It supports Linux, MacOS and Microsoft Windows platforms, but the maximum number of victims affected would be on Microsoft Windows. It can potentially retrieve the passwords from many applications/tools that usually “Save” the user passwords, like Microsoft Outlook, Google Chrome, Opera, Mozilla, FileZilla, Tortoise, Skype, Putty, Email Parser, XML Parser, as depicted in Figure 11. It also incorporates another tool Impacket which again is a tool found on GitHub and can help in lateral movement.

Figure 11: List of some modules in LaZagne


GetPass.ps1 also retrieves passwords stored on the victim’s system, but it uses a different tool to do it. As the name suggests, it is a PowerShell implementation of none other than Mimikatz as depicted in Figure 12.

Figure 12: PowerShell implementation of Mimikatz

The script reflectively injects the Mimikatz binary into a PowerShell process or any other legitimate process. The Mimikatz binary is stored as base64 encoded strings in the script which will be decoded and injected later.

The next file on the list is GO!.zip which actually has some interesting features, but those will be revealed in our next blog. To keep you motivated here’s a sneak peek.

Spoiler alert!!

GO!.zip has various components,the DoublePulsar backdoor binary being one among them, and some log files which have content about recently targeted IPs.

Now that the spoiler has been revealed, let us think about attribution of the afore mentioned to an APT.

1.     Since both Mimikatz and Cobalt Strike are involved, the APT groups most associated with using both of these are APT29, APT32, Cobalt Group, and DarkHydrus.

2.      LaZagne is also present, which might make us think that due to the presence of LaZagne and Mimikatz, it could also be APT33, Leafminer, MuddyWater, and OilRig.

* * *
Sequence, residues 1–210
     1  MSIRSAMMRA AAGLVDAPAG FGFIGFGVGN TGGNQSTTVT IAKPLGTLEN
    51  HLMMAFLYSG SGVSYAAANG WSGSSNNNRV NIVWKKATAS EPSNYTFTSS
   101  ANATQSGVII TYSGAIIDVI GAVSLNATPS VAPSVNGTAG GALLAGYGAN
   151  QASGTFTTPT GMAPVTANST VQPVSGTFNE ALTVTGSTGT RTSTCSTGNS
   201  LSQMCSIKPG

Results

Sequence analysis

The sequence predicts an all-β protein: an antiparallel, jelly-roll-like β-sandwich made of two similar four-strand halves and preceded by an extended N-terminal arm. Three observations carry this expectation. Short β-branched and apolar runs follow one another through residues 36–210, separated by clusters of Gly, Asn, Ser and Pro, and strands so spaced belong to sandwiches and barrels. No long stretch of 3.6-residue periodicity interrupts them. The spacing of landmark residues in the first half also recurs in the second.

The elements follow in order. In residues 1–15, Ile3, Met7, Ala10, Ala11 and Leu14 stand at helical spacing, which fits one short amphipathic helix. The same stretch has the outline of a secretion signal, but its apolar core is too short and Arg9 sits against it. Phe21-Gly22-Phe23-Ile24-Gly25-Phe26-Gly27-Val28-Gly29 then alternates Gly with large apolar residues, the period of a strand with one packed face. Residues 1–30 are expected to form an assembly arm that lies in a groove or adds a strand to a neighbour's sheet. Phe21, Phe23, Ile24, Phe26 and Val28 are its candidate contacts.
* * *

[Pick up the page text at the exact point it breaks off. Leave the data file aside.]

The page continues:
3.      We are yet to see an  APT group using both Cobalt Strike and LaZagne together.

4.      While taking a closer look at Figure 1 GetPass.rar, which is LaZagne dating  way back to 2016, we noticed that the other files are dated to this year.

This leads to many questions.

  • Could it be the rise of a new APT group?
  • Or has one of the above-mentioned APT groups included a new weapon in their arsenal?
  • Is the infrastructure of one APT being used by another APT?

and so on..

Stay tuned! Clouds will clear in the next blog based on the paper presented at AVAR2019, and do not forget to follow good security hygiene to avoid being at the receiving end of such security attacks.

Indicators of Compromise (IoCs) :

HashFile nameDetection name
3990022337145D5FADA1417A76189527 payload.exe Trojan ( 005077531 )
7D813E75A4C7F4CA624165853DB675D0 PAAA.exe Trojan ( 004cd8391 )
762A724D4DAA0B2DA9323F53CD3E2A2D main.ps1 Trojan ( 005511941 )
63B5D732BBC68381E2B21841FF3DC69C GetPass.rar Trojan ( 00501fdb1 )
DB26A9937355E7D4F2B6CD41BFF19679 GetPass.ps1 Trojan ( 0001140e1 )